PREMIUM TIMES investigation wins West African journalism award


A PREMIUM TIMES picture on Nigeria’s defunct paper mills has bagged the obliging alternate reporting class of the 2021 West African Media Excellence Awards (WAMECA) held in Accra, Ghana.

The memoir, printed closing year, was once authored by Alfred Olufemi, a former staffer of PREMIUM TIMES who now engages in freelancing for local and worldwide platforms.

The winning entry dug deep into the moribund impart of three paper mills, which experts factor in bear the potentials to curb the excessive paper importation regime draining Nigeria’s forex.

It also exposed how the privatization processes of the mills bear failed woefully and touched on the non-wood that you may also judge of decisions that can perhaps presumably support the revival of the mills and conserve forests sources, specifically for local climate alternate issues.

Based on one in all the judges on the WAMECA panel, Joseph Warungu, Mr Olufemi’s entry stood out for its depth of look at, advantageous reporting and multimedia accompaniments.

Mr Olufemi, on the prize-giving ceremony on Friday, was once honoured for the outstanding reporting and was once presented a money prize and plague.

Mr Alfred Olufemi receiving his award

He also shared the stage with newshounds from sincere by West Africa, honoured in relatively about a categories. Industry Day’s Caleb Ojewale, Dataphyte’s Uthman Samad and TheCable’s Chinedu Asadu were amongst the winners of the evening.

The organiser, Media Foundation for West Africa, had earlier shortlisted 21 finalists from newsrooms sincere by West African nations for six categories of the awards. It acknowledged that that the finalists were chosen from a pool of over 700 applications.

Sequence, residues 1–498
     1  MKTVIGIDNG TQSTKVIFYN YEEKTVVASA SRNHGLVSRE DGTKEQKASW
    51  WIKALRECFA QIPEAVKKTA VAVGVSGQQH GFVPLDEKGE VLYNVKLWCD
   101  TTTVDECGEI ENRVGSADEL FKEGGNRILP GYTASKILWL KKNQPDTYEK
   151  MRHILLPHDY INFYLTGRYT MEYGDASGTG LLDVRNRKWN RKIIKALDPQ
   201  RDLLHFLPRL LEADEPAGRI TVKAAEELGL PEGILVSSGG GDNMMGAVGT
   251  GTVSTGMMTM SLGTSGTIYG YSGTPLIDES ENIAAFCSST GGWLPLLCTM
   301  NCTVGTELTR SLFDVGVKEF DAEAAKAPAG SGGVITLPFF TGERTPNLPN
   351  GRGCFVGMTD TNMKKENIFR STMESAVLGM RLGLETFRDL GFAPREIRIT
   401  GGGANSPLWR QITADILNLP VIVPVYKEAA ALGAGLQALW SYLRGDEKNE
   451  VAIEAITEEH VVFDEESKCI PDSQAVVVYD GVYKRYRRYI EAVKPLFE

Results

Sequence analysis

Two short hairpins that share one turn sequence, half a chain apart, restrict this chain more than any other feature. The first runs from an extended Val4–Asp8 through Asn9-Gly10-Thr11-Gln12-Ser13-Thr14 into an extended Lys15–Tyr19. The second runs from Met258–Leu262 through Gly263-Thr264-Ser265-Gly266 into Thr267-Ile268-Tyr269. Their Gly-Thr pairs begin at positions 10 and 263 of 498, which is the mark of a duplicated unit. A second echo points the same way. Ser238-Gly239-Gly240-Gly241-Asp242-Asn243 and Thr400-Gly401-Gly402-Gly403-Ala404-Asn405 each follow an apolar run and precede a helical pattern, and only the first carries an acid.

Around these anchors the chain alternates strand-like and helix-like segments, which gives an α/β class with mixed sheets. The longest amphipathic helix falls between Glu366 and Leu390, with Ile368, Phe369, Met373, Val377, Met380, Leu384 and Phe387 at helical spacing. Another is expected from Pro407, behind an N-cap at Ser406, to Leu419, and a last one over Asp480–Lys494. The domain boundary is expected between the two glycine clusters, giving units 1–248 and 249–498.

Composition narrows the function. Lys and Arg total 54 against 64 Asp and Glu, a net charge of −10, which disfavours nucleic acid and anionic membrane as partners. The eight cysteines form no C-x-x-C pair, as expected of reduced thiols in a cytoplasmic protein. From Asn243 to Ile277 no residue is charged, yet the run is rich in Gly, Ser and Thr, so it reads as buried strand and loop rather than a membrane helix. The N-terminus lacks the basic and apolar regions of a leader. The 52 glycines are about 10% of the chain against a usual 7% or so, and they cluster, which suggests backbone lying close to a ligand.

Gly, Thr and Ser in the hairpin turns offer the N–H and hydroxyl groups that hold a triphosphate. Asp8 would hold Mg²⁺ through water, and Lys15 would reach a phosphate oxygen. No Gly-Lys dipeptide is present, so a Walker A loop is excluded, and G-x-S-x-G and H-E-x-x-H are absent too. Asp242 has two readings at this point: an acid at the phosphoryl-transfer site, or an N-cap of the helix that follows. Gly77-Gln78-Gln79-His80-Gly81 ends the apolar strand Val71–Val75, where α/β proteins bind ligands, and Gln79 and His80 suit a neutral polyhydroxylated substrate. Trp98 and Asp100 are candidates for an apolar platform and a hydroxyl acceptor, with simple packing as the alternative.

Talking after the award ceremony, an happy Mr Olufemi expressed profound gratitude to the Top class Events Centre for Investigative Journalism (PTCIJ) for funding the memoir and to the Top class Events team contributors, Cletus Ukpong and Kabiru Yusuf for his or her contributions to the share.

“It’s by no methodology a one-man’s expose. It’s a collaborative effort and that gave the memoir an advantageous treatment. They’re the right kind winners, in case you query me.”

He also spoke on the observe of journalism in Nigeria and the African continent, declaring that the bar of accuracy, fairness and balance ought to by no methodology be reduced.

“We’re confronted by a plethora of challenges in the Nigerian media, ranging from censorship to financials, ownership and what bear we,” he mentioned. “Nonetheless all of those ought to no longer deter us from public carrier, which ethical journalism is all about. The basic guidelines ought to no longer be sacrificed.”

“I’m orderly enraged for my friend, Samad, who emerged as the obliging journalist of the year. And likewise for various ace Nigerian journalists who were shortlisted. It’s a testament to the incontrovertible fact that there are newshounds working assiduously, towards all odds, specifically under this repressive Buhari regime, to churn out factual journalism.”

Till he left PREMIUM TIMES this year, Mr Olufemi, a graduate of the Obafemi Awolowo University, roved Nigeria’s North-Central states, retaining the gap for one the most important investigative journalism platform on the African continent.

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